Written by Andrew Reimer, previously published in The Messenger
Like many of you, I grew up not knowing many Aboriginal people. I would not have thought of myself as racist. However, I was influenced by the stereotypes and superior attitudes most Canadians consciously or unconsciously hold towards our Aboriginal neighbours.
I really didn’t think very much about Native people or my attitudes towards them. I didn’t think Native people had much to do with my life.
No longer distant
Today, however, I am learning to see Aboriginal people no longer as a novelty, a one-dimensional stereotype, or having little to do with my reality.
Over the past nine years as missionaries and residents in Winnipeg’s North End, a predominantly Aboriginal inner city neighbourhood, my wife Amie and I have been blessed to know many Native people. Many wonderful friendships have formed with our neighbours.
Aboriginal neighbours have welcomed us into their lives, receiving our hospitality, offering us theirs, and sharing themselves with us by choosing to entrust us with their life experiences, hopes, joys, and sorrows.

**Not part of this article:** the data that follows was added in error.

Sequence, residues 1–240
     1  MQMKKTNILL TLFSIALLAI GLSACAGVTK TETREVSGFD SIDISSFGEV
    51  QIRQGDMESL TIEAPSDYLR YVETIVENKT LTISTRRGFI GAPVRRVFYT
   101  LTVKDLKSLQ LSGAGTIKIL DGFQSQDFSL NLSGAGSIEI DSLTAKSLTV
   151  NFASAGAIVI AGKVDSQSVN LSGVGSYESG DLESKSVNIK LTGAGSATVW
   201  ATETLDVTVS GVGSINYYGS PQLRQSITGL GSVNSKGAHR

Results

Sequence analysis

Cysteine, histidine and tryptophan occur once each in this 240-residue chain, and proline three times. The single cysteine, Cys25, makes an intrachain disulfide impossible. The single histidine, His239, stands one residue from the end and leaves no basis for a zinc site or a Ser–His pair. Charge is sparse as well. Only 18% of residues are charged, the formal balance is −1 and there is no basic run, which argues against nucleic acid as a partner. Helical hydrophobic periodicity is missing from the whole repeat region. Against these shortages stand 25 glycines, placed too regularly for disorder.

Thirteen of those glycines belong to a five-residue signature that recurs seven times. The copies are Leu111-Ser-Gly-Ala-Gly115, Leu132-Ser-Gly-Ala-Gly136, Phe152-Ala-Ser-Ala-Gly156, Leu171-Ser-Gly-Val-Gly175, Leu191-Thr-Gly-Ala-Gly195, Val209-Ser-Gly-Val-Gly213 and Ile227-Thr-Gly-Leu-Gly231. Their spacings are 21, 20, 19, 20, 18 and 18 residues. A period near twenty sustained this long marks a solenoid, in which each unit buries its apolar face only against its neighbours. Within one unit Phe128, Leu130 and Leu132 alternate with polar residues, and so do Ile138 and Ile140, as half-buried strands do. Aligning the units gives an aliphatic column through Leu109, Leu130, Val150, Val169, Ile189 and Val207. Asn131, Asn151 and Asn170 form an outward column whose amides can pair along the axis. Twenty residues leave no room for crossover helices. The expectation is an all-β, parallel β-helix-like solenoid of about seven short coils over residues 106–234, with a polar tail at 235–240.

We feel humbled and privileged to be welcomed and trusted in this way. These friends are not obligated to open their lives to us. That they have chosen to is a gift.
We have given up some comforts to live and serve in this community, but sometimes I wonder what sacrifices our neighbours have made to become our friends. I’m sure they have often put up with our ignorance, cultural inappropriateness, and even our unacknowledged attitudes of superiority.
I’ve learned that church-run residential schools Aboriginal children were forced to attend as part of the Canadian government’s policy of cultural assimilation are not just a thing of the distant past. I’ve listened to survivors of these schools share their stories with me, while most of my other Native friends have parents or grandparents who attended residential schools.